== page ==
The Importance of the Placenta and Fetal Development
The placenta plays a vital role in fetal development. Not only does the placenta provide your baby with oxygen, but it also delivers nutrients that your baby needs to grow and filters away fetal waste. When the placenta's function is compromised, not only can it block oxygen and nutrient supply, but it can also disrupt hormone production and put the fetus at risk of infections.
Knowing these risk factors and the common disorders that can complicate placenta effectiveness can help mothers take charge of their pregnancy health.
Placenta Complications and Risk Factors
The following are some of the most common disorders and the risk factors associated with each.
While the exact cause of placenta previa isn’t known, it typically occurs when the placenta partially or completely covers the cervix. If you have placenta previa, you may experience severe bleeding during pregnancy and delivery, or preterm birth.
Risk factors of placenta previa may include:
- You’ve already had a baby.
- You’ve had placenta previa with a previous pregnancy.
- You are carrying multiple fetuses.
- Scars on the uterus from prior surgery, such as cesarean deliveries or removal of uterine fibroids.
While placental abruption is uncommon, it is a serious pregnancy complication. The placenta develops in the uterus and attaches to the wall of the uterus to keep the baby supplied with oxygen and nutrients. When the placenta partly or completely detaches from the inner wall of the uterus before delivery, the supply of oxygen and nutrients can be cut off and cause the mother to bleed heavily. If left untreated, it can be life-threatening for the mother and baby.
Risk factors of placental abruption may include:
- Having placental abruption in a previous pregnancy.
- Hypertension and problems related to hypertension such as preeclampsia.
- Membrane ruptures that cause leaking amniotic fluid before the end of pregnancy.
- Infections in the uterus.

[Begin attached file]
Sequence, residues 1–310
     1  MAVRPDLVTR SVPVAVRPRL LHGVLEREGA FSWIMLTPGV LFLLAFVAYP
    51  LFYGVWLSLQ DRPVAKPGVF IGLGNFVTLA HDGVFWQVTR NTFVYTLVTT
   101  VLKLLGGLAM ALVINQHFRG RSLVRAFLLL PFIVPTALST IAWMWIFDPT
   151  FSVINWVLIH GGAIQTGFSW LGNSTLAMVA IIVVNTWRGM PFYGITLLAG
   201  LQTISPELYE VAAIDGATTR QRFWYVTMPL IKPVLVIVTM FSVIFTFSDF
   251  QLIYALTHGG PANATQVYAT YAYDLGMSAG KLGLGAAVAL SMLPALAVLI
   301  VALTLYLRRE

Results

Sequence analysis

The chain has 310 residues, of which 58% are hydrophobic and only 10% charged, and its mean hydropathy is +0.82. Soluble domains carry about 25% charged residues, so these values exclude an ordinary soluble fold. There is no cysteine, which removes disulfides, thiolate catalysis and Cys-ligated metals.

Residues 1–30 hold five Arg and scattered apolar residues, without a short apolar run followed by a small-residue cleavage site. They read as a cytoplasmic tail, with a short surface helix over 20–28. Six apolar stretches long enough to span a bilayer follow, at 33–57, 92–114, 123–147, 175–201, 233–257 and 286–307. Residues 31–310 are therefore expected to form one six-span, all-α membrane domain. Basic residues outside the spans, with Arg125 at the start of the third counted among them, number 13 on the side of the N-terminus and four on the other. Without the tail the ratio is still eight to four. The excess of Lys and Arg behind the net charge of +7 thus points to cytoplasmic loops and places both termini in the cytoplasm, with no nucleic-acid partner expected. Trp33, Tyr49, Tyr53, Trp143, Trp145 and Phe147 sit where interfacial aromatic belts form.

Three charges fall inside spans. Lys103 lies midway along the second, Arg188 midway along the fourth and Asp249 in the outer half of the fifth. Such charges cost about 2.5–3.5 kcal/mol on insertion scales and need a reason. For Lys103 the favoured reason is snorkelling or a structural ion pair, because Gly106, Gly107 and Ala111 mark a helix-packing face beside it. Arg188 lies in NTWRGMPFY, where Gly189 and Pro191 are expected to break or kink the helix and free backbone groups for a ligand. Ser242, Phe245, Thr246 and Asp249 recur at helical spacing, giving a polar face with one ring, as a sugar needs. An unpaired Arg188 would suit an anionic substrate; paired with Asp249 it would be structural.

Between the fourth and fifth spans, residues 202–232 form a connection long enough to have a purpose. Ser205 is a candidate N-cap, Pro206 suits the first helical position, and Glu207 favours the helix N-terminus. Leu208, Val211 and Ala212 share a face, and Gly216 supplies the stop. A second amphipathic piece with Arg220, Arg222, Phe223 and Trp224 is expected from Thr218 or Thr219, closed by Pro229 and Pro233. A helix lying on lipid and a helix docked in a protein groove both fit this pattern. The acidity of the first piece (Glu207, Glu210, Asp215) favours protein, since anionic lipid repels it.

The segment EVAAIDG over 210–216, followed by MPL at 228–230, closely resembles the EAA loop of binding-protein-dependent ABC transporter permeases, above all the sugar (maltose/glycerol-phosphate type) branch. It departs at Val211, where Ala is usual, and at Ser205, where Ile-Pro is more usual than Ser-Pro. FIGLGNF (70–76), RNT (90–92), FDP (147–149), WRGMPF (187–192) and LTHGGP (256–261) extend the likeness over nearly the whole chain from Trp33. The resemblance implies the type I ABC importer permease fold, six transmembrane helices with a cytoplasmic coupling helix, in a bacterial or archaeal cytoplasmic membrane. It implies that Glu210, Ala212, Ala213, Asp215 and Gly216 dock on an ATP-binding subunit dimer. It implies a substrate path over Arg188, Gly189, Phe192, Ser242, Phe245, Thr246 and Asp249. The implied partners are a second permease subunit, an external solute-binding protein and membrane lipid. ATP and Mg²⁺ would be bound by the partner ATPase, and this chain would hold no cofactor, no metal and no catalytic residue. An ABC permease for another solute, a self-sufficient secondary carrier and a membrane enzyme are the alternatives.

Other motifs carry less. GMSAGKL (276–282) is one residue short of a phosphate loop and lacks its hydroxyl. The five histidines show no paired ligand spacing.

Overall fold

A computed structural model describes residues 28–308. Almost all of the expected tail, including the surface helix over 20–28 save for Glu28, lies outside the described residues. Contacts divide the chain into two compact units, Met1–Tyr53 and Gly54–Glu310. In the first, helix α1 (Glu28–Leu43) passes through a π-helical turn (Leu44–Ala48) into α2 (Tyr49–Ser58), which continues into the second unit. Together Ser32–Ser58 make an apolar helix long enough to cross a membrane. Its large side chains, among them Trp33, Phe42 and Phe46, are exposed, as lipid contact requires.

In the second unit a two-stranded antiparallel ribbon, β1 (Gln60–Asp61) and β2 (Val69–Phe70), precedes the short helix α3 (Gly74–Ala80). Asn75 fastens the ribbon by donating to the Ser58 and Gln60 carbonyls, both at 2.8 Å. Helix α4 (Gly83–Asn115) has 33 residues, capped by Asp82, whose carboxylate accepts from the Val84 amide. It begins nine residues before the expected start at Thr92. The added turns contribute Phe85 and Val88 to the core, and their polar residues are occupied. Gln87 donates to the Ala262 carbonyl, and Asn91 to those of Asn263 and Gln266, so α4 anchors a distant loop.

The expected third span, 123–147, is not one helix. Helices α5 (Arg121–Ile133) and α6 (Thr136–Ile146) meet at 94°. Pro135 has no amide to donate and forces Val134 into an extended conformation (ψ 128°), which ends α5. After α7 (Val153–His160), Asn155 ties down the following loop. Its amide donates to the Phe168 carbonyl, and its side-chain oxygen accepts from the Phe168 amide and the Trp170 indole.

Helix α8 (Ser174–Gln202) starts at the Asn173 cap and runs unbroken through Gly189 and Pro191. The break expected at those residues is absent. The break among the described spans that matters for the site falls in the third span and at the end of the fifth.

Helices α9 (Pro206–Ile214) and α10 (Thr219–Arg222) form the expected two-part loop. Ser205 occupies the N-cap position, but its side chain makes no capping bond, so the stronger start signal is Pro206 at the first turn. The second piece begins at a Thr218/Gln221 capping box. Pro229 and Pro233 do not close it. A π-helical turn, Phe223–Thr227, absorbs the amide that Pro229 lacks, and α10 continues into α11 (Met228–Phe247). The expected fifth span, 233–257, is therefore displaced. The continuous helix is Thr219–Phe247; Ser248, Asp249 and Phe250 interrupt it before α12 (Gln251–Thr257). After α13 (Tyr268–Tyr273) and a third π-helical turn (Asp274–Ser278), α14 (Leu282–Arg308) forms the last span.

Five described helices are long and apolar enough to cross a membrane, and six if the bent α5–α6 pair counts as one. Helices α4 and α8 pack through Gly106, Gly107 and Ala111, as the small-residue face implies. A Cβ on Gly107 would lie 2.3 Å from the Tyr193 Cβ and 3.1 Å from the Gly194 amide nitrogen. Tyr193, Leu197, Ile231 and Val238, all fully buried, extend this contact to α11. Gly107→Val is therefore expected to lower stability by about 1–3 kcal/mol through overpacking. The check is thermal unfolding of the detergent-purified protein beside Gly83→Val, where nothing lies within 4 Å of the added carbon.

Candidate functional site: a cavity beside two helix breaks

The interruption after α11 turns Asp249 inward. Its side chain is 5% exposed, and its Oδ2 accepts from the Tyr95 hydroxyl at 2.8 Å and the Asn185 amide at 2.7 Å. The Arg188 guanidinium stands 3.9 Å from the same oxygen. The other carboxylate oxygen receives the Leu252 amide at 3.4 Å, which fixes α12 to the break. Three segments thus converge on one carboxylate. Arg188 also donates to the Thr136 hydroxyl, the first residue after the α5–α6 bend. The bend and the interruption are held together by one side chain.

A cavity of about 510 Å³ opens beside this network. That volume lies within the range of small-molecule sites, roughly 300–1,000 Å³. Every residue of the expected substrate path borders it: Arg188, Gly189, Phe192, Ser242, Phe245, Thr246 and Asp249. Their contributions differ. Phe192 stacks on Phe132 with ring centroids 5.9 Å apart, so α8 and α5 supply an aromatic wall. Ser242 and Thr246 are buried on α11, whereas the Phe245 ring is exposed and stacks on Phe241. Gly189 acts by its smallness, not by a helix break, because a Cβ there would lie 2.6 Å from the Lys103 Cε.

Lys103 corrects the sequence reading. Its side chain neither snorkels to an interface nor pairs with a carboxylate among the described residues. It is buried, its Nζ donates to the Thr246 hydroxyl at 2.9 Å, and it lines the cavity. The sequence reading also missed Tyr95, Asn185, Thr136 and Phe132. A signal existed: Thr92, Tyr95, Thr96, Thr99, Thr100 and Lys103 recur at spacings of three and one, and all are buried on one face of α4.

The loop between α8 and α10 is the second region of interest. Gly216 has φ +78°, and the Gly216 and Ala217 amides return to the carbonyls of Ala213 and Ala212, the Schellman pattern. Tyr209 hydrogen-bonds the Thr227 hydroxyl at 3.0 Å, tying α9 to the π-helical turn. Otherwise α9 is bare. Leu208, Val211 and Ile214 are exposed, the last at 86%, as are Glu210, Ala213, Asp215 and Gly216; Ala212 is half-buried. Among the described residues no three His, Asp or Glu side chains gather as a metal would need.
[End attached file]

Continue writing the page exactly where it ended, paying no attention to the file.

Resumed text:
Also referred to as placental dysfunction, placental insufficiency occurs when the placenta does not form correctly or is damaged. When this happens, the baby will receive an insufficient amount of nutrients and oxygen and cause growth delays.
Risk factors of placental insufficiency may include:
- Having hypertension or cardiovascular disease.
- Maternal diabetes.
- Taking blood thinner medications during pregnancy.
Placenta accreta happens when the placenta grows too deeply into the uterine wall. After childbirth, the placenta detaches from the uterine wall. However, with placenta accreta, part or all of the placenta stays attached and can cause severe bleeding and blood loss after delivery. Women diagnosed with placenta accreta are considered high risk, and c-section delivery and a hysterectomy may be necessary.
Risk factors of placental accreta may include:
- Prior C-sections or uterine surgery
- Placenta previa
- Previous childbirth (the more pregnancies you’ve had, the higher the risk of placenta accreta)
Placental infarcts are areas of dead tissue found in the placenta and are usually caused by blood vessel issues. Placental infarcts can decrease blood flow to the affected areas and, in the most severe cases, the fetus may not grow, or it can cause fetal death.
Risk factors of placental infarcts may include:
Harmed by a Medical Professional? We Are Here For You.
When medical professionals misdiagnose or fail to diagnose conditions that cause pregnancy problems, victims have the right to seek compensation for injuries that could have otherwise been treated. The Beasley Firm has, for decades, represented mothers and their children faced with placental disorders, and has recovered funds for those families to care for the children, and compensate for the damages caused by mismanagement of placental disorders.
The Beasley Firm, LLC has secured record-breaking settlements and verdicts on behalf of our clients, and we want to help you too.
Contact our medical malpractice attorneys at (215) 866-2424 for a free consultation.